Nats Player Proud of His Frog Feet

We, for one, applaud his guts. And his toes.

Alex Kinyua
Inset: Harford County Sheriff's Office; background: Shutterstock

We're not ones to talk about fashion. Oh wait, yes we are! Like here, here, here, here -- oh, and here. OK, fine, we are ones to talk about fashion. Although we refuse to discuss the Great Ugg Incident of 2006. Some things just need to be left behind.

But we do feel the need to discuss the fact that Nats shortshop Ian Desmond -- who made his debut in the big leagues last Friday -- has been getting some flack for wearing a pair of Vibram Five Fingers around the clubhouse.

Says the Washington Post:

He tried to explain, first, their technical purpose. With the popularity of au naturel running books like this one, barefooted running/exercise -- or a close approximation of it -- has become, if not a phenomenon, then at least a niche large enough for mainstream attention. Even Nike has its own "free running" creation.

You can tell a lot about a rookie by how he manages a good ribbing.

Desmond was unflappable. He told Olsen, first, that the shoes help him strengthen the muscles around his feet.

We're not sure why the Post keeps using "first" in this entry when there never seems to be a "second," but maybe it's because they weren't wearing Vibram Five Fingers and didn't have their toes to count on. Surely that's it!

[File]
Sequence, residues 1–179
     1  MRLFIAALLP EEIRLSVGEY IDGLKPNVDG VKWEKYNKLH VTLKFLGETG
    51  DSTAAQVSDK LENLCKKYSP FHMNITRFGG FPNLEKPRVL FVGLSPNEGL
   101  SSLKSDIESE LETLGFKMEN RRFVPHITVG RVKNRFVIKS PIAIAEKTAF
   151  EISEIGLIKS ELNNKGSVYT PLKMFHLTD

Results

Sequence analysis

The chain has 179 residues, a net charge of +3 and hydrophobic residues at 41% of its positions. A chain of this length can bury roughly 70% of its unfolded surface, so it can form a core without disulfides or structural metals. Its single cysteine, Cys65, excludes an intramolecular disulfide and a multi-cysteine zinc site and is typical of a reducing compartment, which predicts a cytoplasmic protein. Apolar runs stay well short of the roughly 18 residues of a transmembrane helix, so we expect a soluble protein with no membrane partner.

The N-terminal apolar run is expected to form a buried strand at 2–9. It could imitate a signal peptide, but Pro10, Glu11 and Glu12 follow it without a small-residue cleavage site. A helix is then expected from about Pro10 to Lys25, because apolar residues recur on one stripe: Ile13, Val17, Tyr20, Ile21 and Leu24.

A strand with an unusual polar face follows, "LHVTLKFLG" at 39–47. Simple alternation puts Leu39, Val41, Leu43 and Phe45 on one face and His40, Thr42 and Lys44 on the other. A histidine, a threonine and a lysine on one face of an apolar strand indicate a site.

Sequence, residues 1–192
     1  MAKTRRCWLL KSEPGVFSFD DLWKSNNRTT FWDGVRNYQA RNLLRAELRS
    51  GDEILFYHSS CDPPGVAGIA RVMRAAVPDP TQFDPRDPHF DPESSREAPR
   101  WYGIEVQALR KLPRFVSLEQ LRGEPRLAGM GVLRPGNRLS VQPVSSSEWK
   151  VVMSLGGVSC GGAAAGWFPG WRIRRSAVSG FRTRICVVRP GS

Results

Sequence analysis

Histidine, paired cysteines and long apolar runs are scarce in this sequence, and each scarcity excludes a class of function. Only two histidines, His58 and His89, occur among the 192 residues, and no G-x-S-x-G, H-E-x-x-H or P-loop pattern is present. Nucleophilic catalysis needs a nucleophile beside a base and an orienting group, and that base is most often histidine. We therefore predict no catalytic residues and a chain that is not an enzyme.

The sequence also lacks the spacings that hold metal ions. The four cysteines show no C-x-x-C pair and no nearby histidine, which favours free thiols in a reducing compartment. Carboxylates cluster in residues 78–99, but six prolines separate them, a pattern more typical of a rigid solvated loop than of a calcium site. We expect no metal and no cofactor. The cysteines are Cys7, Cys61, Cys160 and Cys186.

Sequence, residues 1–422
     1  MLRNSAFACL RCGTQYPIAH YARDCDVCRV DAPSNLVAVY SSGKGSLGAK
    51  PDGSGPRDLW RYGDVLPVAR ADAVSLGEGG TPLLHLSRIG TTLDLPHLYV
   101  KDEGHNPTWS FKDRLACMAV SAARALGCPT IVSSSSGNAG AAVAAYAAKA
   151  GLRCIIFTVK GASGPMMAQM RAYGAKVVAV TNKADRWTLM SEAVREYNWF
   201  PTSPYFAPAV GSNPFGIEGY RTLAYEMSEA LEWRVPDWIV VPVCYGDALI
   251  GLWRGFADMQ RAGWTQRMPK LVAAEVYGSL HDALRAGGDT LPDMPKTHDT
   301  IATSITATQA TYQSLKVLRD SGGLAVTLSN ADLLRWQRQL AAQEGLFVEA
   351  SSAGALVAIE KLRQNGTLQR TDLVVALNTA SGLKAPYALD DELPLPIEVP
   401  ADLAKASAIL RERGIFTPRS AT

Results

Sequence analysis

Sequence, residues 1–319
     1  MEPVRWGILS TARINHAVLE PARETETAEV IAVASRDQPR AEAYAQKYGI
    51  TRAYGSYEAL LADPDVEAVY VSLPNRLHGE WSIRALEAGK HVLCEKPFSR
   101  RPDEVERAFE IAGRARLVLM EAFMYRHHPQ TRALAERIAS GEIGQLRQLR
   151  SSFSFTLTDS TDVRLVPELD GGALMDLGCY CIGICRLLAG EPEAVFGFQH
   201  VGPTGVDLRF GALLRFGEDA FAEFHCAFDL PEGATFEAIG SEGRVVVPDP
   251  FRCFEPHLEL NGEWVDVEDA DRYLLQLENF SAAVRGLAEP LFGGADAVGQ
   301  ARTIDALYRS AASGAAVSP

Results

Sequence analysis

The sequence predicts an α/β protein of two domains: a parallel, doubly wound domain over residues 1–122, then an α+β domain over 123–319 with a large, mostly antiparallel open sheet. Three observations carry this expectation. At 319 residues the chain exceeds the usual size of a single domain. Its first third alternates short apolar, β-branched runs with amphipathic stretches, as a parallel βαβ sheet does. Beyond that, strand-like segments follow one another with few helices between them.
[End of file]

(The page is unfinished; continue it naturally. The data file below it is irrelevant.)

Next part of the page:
We WANT to mock these shoes. Really, we do. They're pretty much neon pool shoes with individual pockets for each toe. But there's just something so individualistically brave about waddling around, all amphibian-like, even when you're in the middle of a stadium in Southeast D.C.

In such a serious, button-downed kinda city, we need some source of weirdness. Desmond and his frog shoes are filling a void that lawyers and politicians could never even hope to fill.

Meanwhile, City Sports looooves putting these little guys on discount, so if you need a pair of your own (and you're impervious to teasing), we suggest you try there.

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